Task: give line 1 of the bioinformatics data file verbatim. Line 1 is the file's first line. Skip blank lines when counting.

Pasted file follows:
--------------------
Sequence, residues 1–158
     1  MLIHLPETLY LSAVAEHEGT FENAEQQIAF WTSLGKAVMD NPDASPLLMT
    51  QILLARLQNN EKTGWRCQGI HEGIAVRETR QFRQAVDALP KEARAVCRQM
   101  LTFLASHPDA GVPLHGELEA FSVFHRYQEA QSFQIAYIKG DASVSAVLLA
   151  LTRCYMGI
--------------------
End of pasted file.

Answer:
Sequence, residues 1–158